How To Prepare For And Survive A Layoff

As of last month, the U.S. unemployment rate had decreased to 5.8 percent, the lowest it’s been in years, according to the Bureau of Labor Statistics. That’s good news, but don’t get complacent—nothing is secure when it comes to the economy. Get your finances in order while times are good, so you won’t panic if you’re handed a pink slip down the road. These tips will help you prepare for and survive a layoff in the unfortunate event that it occurs.

How to prepare for a layoff

1. Boost your cushion:  Finance expert Dave Ramsey suggests having a $1,000 emergency fund. Start with any extra funds you may have at your disposal. And going forward, any windfalls or unexpected income goes directly to this fund. Also, slash variable expenses to free up more cash in your budget, and start paying yourself first. A set percentage of your income each pay period will suffice.

2. Pay down debts:  The last thing you need is interest on credit cards spiraling out of control, a wrecked FICO score and creditors breathing down your neck. Think of ways you can raise the cash to help pay down debt. If you receive regular payments from a structured settlement or annuity, you may be able to sell your future payments for a lump sum of cash now.

3. Understand unemployment benefits:  If you’re eligible for a severance package or unemployment benefits, retrieve the estimated amounts and formulate a plan to make the funds stretch.

4. Start considering freelance work:  Do you have a hobby or skill in your arsenal that can generate a little (or a lot of) cash flow? Now’s the time to put your creative juices to work to rake in cash that can be contributed to your rainy day fund and replace lost income once your employer cuts the cord.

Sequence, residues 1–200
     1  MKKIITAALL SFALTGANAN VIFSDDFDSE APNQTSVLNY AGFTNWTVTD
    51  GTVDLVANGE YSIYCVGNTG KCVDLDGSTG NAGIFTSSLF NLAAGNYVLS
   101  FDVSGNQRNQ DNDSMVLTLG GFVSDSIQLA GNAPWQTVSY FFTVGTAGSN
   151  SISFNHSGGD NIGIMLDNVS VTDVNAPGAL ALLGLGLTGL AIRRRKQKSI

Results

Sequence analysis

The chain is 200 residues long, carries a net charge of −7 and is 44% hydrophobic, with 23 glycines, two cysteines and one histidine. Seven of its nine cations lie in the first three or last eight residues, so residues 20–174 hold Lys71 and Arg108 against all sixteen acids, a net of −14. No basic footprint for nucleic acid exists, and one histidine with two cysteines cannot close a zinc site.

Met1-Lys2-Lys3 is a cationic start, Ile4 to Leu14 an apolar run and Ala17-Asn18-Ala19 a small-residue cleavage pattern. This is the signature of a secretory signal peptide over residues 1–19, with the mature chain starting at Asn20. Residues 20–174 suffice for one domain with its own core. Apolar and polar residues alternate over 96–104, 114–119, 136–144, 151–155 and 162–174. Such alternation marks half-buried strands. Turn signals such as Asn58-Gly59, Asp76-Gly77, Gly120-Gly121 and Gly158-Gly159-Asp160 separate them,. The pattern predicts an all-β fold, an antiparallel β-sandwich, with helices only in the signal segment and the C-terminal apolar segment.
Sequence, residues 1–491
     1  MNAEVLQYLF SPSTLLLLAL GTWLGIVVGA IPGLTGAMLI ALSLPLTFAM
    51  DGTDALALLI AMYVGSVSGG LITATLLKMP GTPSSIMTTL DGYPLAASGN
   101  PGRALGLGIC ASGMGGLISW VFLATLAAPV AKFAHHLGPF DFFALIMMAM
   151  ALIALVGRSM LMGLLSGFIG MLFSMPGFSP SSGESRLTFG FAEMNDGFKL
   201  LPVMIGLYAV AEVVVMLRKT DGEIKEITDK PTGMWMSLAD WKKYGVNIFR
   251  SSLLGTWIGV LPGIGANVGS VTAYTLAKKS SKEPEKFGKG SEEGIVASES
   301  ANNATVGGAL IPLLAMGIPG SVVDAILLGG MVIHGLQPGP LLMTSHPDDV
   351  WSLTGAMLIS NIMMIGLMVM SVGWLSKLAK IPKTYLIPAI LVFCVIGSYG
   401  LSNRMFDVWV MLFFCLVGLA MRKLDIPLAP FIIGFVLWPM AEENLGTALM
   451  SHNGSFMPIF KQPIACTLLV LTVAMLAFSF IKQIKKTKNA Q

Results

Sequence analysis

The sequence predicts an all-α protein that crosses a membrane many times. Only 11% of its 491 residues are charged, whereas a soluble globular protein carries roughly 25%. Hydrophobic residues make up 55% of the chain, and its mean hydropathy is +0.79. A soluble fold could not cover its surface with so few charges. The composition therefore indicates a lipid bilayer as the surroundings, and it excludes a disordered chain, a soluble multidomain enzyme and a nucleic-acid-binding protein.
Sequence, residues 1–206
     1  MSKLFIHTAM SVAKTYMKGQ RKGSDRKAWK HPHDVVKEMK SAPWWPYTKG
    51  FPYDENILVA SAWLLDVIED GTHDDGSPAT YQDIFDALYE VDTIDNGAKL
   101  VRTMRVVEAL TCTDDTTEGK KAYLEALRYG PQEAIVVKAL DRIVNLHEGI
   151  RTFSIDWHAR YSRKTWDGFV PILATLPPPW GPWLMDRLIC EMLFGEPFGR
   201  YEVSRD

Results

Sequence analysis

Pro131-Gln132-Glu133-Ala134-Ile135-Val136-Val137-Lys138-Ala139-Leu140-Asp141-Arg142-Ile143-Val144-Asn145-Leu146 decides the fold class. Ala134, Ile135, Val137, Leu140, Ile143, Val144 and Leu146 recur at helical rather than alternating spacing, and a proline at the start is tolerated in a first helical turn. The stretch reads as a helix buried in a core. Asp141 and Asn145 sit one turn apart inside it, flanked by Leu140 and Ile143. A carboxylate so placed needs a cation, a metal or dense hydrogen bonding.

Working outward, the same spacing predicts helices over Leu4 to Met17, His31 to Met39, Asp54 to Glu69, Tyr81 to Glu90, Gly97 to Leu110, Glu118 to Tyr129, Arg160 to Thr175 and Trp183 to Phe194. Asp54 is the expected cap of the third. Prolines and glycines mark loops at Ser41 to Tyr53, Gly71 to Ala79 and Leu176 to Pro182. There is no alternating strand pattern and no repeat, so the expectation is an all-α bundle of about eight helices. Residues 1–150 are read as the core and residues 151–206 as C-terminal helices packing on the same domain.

How to survive a layoff

1. Less is more:  You should’ve gotten into the habit of reducing variable expenses by now. But if the layoff came as a surprise, the frequent dining out, visits to the spa and fancy phone plans just to name a few, must come to a halt. Simply put, if it’s not a need, it has to wait.

2. Closely monitor your spending:  Before you commit to any budget, determine where your money actually goes each month. Doing so will help you obtain a realistic idea of which areas you excel in and others that desperately need improvement. In essence, you won’t be setting yourself up for failure.

3. Incorporate a realistic spending plan:  It should at least cover bare necessities and account for benefits, cuts to expenses and improved spending patterns.

4. Contact creditors:  If you foresee monthly obligations or due dates becoming a problem, don’t wait until the last minute to reach out to creditors. Immediately notify them of your situation and inquire about payment arrangement options that may be available to you.

5. Find a part-time job:  Until you land your next career position, any income is better than none, especially if you don’t have a side hustle.


Soak up all the knowledge you can about financial literacy through books, live seminars and online resources. Also, check with your financial institution to see if they offer workshops or one-on-one assistance. And don’t forget to continually invest in yourself through free continuing education until you secure the next position.

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